And this idea of a cit­i­zen sec­tor. This idea that we won’t have to be depen­dent on large cor­po­ra­tions to pro­vide us with things. That we can cer­tain­ly learn from them, but that they’ll either have to sort of evolve rapid­ly and become more agile and nim­ble and embed­ded in com­mu­ni­ties and soci­eties, or they’ll real­ly have to go extinct. That’s one trend that I’m see­ing. But cer­tain­ly there are a lot of oth­er big kinds of trends out there that could total­ly ham­per it. And being in China, none of what we’re doing here mat­ters at all. Basically, what­ev­er China does and locks into, from the per­spec­tive of the econ­o­my and the envi­ron­ment, is how the future is going to be guid­ed. A lot of our real­i­ty will be deter­mined just because of the sheer size of pop­u­la­tion, and the fact that we’ve been sell­ing off our econ­o­my to them. So, yeah. I mean, I think opti­mism but also like oth­er vari­ables at work.

Anderson: Does con­ver­sa­tion matter?

Clay: Definitely. I mean it’s all about con­ver­sa­tion when, par­tic­u­lar­ly insti­tu­tions, have such hack­neyed lan­guage. And the moment that you start talk­ing about some­thing real, peo­ple sort of light up. I haven’t worked with cor­po­rates very much. But when I do it’s almost like ther­a­py for them. That’s the only ser­vice that I would ever pro­vide as a con­sul­tant, is the abil­i­ty for them to think in a fresh lan­guage about what they’re doing. And to begin to sort of reimag­ine what they could do with the resources that they have. 

We deter­mine our ideas of progress with lan­guage. We deter­mine nar­ra­tives that act to guide us, that moti­vate us. And stum­bling upon a new kind of phrase can just open up entire­ly new pos­si­bil­i­ties. And that’s what hap­pens with the econ­o­my, and that’s why con­ver­sa­tion about the econ­o­my is so impor­tant. Because if you can get one per­son to reframe some­thing, or to think about some­thing slight­ly dif­fer­ent, it can be real­ly transformational.

What is it that you want to achieve? What is it that you want to val­ue? It’s our sort of first line of defense as human beings. It’s what we can sort of pre­serve our­self against the mas­sive forces of cap­i­tal­ism and of cor­po­rate pol­i­tics and things like that is, lan­guage is the thing that can cut through all that.

Aengus Anderson: Well, we’ve worked through this one a cou­ple of times and it’s real­ly taxed our eco­nom­ics vocab­u­lary. So here goes. This is num­ber five, and were rolling.

We’re talk­ing about the econ­o­my in a real­ly big way here. I think prob­a­bly one of my favorite things Alexa does is she talks about the econ­o­my as a moral philo­soph­i­cal issue. 

Micah Saul: Right. Comes from our own moral­i­ty and is the engine for dis­pens­ing the good life, what­ev­er that means.

Anderson: Kind of the mate­r­i­al side­kick of all of our lofty fan­tasies of what a soci­ety should look like.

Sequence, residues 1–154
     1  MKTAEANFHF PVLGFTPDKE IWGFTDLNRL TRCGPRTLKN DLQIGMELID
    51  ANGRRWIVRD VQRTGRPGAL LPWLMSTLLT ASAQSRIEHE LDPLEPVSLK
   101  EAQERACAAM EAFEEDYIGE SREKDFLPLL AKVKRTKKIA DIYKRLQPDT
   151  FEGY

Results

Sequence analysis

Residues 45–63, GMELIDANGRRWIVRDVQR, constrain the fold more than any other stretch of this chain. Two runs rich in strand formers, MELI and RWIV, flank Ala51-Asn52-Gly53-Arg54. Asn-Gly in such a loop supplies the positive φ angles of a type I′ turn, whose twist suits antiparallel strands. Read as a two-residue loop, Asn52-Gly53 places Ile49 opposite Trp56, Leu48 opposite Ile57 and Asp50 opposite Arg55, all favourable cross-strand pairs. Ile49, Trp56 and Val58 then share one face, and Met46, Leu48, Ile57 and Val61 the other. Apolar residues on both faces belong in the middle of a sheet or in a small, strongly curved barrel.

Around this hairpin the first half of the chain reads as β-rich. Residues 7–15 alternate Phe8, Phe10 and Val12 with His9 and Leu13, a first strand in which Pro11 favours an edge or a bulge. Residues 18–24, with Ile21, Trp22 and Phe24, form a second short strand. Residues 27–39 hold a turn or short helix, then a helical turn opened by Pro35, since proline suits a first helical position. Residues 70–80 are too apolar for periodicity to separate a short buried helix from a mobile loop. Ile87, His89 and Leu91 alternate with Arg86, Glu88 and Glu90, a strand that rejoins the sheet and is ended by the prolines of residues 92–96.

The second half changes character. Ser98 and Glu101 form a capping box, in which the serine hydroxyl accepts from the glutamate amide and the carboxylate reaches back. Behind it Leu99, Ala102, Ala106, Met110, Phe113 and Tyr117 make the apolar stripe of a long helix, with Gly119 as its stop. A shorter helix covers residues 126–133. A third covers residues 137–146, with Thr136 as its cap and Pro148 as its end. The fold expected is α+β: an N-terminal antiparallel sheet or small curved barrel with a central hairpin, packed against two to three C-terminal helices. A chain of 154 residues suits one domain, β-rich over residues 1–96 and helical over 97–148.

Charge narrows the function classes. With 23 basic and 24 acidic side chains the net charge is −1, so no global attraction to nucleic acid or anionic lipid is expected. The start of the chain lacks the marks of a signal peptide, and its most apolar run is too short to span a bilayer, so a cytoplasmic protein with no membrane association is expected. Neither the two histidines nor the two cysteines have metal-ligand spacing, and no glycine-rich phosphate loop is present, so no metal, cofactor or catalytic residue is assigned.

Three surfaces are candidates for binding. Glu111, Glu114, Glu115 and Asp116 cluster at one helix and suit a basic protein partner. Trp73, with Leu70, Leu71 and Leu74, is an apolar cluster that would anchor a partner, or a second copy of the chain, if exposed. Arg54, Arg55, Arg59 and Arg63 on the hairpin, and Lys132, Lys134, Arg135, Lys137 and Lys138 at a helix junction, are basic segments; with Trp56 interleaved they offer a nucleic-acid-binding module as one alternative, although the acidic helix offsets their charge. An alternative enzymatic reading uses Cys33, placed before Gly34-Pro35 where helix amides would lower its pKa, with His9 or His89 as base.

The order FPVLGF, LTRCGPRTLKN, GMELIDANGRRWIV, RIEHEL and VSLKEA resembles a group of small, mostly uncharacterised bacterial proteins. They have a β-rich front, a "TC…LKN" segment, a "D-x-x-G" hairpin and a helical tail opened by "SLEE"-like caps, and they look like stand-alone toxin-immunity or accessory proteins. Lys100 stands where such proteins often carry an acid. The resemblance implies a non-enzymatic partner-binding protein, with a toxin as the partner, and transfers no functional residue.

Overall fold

Saul: Or at least that’s how it start­ed.

Anderson: But it cer­tain­ly does­n’t seem there now, does it? I mean, I don’t find a lot of moral phi­los­o­phy in the Wall Street Journal’s busi­ness reporting.

Saul: Or the Financial Times.

Anderson: So, that’s bro­ken apart. And now I think Alexa’s argu­ing, pret­ty per­sua­sive­ly, the econ­o­my’s treat­ed as a thing of its own, hav­ing its own rules, its own log­ic. It’s a game that we made and we for­got that we can make it any way we want, almost.

Saul: It’s become one of those big sys­tems that we talk about through­out this project. It’s too com­plex and inter­con­nect­ed and ouroboros-like for any human to actu­al­ly wrap their brain around it.

Anderson: And the upshot of that being that it’s real­ly hard to feel like you’ve got a lot of agency. At least unless you’re at the very top, right?

Saul: Right.

Anderson: Most peo­ple don’t feel like they can real­ly change the eco­nom­ic mod­el. And they’re right. That’s the oth­er part. They are right in feel­ing dis­em­pow­ered. So what’s bad about the loss of agency? I mean, she talks specif­i­cal­ly about, you feel dis­em­pow­ered as a per­son. That makes you unhap­py. So there’s a psy­cho­log­i­cal aspect of it.

Saul: I think there’s an inter­est­ing sort of vicious cycle there, where if you feel dis­em­pow­ered, you are less inclined to try to exert any agency over it, and it’s going to get far­ther and far­ther from its moral or philo­soph­i­cal roots. 

Anderson: Until you’re los­ing at the hands of the econ­o­my so bad­ly that you have to be an agent. Well, and that’s where you get a mis­fit econ­o­my. You get an econ­o­my for peo­ple who are out­side of the tra­di­tion­al econ­o­my. It isn’t serv­ing them, and they are…they’re still agents. They are cre­at­ing their own sys­tems out there on the periphery.

Saul: it’s kind of cool that she diag­noses this larg­er sense of dis­en­fran­chise­ment, and then kind of looks at the few places where you can find peo­ple who are not pow­er­ful who are agents. We should real­ly con­nect to Gabe Stempinski’s con­ver­sa­tion here. 

Saul: Yes.

Anderson: With the shar­ing econ­o­my. And a lot of lis­ten­er com­ments were peo­ple who felt that while the shar­ing econ­o­my may be a great idea, it was not the Conversation with the cap­i­tals because it was sort of an adjust­ment to the sta­tus quo rather than a real­ly new idea. It was­n’t a cri­tique of the growth sys­tem. It would­n’t ulti­mate­ly lead to any­thing more than maybe the Jevons para­dox, cre­at­ing greater effi­cien­cy in how we use resources, thus allow­ing us to grow further.